See, my mom first introduced it to me by way of simply dumping a container of store-bought pesto onto a box's worth of cooked pasta. That right there was heaven. I had no idea what exactly pesto was except some delicious green stuff Mom put on pasta, but I knew I loved it. I remember the first time I actually saw the container, and I asked my mom if I could have a spoonful. Naturally she said no, but I found other ways to get my pesto fix.
Namely, in a delicious creation by yours truly. See, you take store-bought potato bread, slather both sides with pesto, layer a couple slices of bologna between them and chow down. If I could find organic bologna and a good potato-bread recipe, I'd totally make this again. It's that good.
Nowadays we drive to see my grandparents in Maine during the summer, because it's cheaper than flying (even with the gas prices, apparently). But we used to fly to an airport in New Hampshire, and then my gramps would pick us up and drive us the rest of the way. Flying would be an all-day affair - we'd get to the airport super-early, check in all our stuff, and hang around for a while at the airport. By the time we'd get to the airport in NH, it'd be dinnertime, so my gramps would pack sandwiches for us to eat on the drive. He'd call my mom up about a week before to see what he should make. The summer of the year I discovered my special sandwich, I requested a "bologna with pesto on potato bread" sandwich.
When it came time to eat this sandwich, however, I opened the little sandwich baggie and noticed something red. Red did not belong on my sandwich, and it freaked me out. I slowly peeled the top slice of bread away from the rest of the sandwich and was horrified to find some red goop all over the bread and bologna instead of my lovely green goop. Disgusted, I put it back in the sandwich bag and refused to eat it. Oh, and I threw a big fit about it, too, because I was hungry. I asked my gramps what the red stuff was and he said, "pesto". I knew he was crazy to think this, because pesto was green. Then it was somehow determined that my pesto was made out of some kind of tomato. Ewww, right?
I probably would have liked the sandwich if I'd bothered to try it, but I was one stubborn kid. I sat with my arms crossed, staring at the baggie slowly finding its way under the seat in front of me, thinking about how unfair life was and how gross this so-called "sun-dried tomato pesto" was.
This event was so traumatic that I never had a sun-dried tomato until 2009. Yeah, I know.
And I'm here today to tell you this - sun-dried tomatoes aren't that bad. In fact, they're a little delicious.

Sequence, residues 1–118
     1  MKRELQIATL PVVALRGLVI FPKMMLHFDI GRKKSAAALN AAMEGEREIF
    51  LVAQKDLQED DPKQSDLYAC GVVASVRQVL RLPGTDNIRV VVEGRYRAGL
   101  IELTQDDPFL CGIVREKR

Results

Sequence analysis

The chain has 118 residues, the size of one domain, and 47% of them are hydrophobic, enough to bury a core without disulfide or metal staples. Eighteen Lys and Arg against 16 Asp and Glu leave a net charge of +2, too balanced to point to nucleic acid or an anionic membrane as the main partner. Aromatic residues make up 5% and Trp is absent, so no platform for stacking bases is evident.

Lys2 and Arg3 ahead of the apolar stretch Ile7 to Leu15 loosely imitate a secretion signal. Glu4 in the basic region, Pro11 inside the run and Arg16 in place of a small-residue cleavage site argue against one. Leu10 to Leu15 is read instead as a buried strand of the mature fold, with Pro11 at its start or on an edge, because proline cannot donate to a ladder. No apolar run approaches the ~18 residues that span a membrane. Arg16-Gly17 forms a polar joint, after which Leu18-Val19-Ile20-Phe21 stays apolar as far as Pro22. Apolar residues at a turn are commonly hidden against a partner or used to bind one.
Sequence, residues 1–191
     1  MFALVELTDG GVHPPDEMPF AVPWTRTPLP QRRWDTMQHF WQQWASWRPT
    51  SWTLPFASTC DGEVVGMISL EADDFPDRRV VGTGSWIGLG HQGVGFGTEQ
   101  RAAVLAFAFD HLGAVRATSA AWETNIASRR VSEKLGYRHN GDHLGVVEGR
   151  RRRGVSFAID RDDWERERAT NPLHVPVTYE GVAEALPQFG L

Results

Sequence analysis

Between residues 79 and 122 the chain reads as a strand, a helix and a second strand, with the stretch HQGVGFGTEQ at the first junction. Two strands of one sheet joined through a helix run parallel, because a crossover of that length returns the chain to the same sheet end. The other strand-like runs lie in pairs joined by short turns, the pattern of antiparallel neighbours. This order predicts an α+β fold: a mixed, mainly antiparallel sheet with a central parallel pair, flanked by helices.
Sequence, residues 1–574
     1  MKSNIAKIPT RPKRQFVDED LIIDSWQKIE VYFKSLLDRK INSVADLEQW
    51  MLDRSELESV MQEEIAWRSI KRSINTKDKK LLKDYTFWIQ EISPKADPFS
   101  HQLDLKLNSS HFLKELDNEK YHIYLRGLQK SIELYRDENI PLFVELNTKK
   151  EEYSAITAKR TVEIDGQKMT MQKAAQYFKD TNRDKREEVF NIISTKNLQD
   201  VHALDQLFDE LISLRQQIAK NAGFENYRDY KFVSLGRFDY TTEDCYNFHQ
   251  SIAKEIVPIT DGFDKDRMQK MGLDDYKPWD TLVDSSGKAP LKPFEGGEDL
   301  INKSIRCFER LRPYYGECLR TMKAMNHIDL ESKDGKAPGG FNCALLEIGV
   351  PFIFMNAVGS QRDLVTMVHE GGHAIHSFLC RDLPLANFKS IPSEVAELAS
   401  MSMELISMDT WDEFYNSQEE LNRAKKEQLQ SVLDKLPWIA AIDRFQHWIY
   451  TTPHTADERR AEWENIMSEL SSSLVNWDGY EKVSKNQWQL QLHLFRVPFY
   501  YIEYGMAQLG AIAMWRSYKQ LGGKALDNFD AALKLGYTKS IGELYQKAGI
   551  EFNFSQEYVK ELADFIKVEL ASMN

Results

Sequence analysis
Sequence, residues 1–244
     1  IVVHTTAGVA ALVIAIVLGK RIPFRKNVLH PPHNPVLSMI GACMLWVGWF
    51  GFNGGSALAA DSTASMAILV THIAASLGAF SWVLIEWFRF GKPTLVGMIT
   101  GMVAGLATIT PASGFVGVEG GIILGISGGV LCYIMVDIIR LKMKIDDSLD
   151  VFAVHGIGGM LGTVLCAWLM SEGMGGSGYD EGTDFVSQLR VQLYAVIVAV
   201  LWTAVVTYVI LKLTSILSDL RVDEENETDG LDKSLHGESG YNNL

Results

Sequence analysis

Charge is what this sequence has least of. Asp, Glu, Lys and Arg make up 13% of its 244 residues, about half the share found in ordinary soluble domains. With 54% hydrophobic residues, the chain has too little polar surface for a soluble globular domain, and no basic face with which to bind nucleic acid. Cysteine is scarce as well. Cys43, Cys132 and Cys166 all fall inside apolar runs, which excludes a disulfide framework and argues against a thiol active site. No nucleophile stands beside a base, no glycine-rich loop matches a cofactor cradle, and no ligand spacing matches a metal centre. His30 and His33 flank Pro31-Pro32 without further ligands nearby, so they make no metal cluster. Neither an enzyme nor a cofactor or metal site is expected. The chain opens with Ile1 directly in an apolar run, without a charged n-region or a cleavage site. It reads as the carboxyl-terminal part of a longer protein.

Sun-Dried Tomato Pesto
(Recipe by Mo, with inspiration from Eating Well)
12 (dry) sun-dried tomato halves (I use Whole Foods' brand of sun-dried tomatoes, which are preserved with salt instead of artificial preservatives.)
1/4 cup pepitas
3 tbsp nutritional yeast
1/4 cup fresh parsley leaves
1 garlic clove
1/2 cup frozen peas, cooked (measured while frozen)
1/4 tsp Aleppo pepper (or standard crushed red pepper)
2 tbsp EVOO
1 tbsp lemon juice
Salt, if needed (mine didn't but if you're using tomatoes without salt then add about 1/4 tsp)
Place the tomatoes in a small bowl and cover with boiling/hot water. I used water reserved from a pot of pasta I boiled for the veggie salad. Let sit while you prepare all of the other ingredients.
Pan-toast the pepitas over medium-high, shaking the pan constantly. They're done when golden-brown and popping. Does anyone else think that they start smelling like Italian sausage at this point?
When the tomatoes are soft, remove them with a slotted spoon and add to the bowl of your food processor along with all of the ingredients except the EVOO, lemon juice and soaking liquid.
Blend the ingredients as much as you can, scraping down the sides. Finally, with the machine running, pour in the oil and lemon juice. By the tablespoon, pour in the soaking liquid from your tomatoes (I used about 5) until the pesto has reached your desired consistency. Taste, season with salt as necessary, and serve.
I used all of the pesto as the dressing for a pasta salad:
1 (13.5 oz) box whole-grain rotini pasta
1 English (seedless) cucumber
1 US dry pint of grape or cherry tomatoes
9 average-sized scallions (1 bunch)
Fresh baby spinach, chopped and lightly cooked
Any veggies you'd like (I'dve liked to have added broccoli for example but the store's selection was sub-par)
One batch of the above sun-dried tomato pesto
Cook the pasta in salted water, drain and rinse with water to remove the starch.
Chop all of the veggies however you'd like and combine in a large bowl with the pasta and the pesto. Enjoy!
|You can't see the tomatoes, but I promise they're there. See the spot of red under the piece of pasta near the bean patty? That's a tomato, I swear.|
The verdict: the pesto is amazing. I was actually kind of surprised by how good this stuff tastes, but it's delicious. This was my first time using sun-dried tomatoes in a pesto that didn't also incorporate basil and spinach, so I was a little nervous that the flavor would be too overwhelming. It wasn't at all! The flavor is actually very mellow and complemented by the tartness of the lemon. And of course it went fantastically with the veggie pasta salad. :)
I'm sorry for my absence around here lately, but I have a couple of good posts in store. Including one in which I share how to make something quite unique. ;)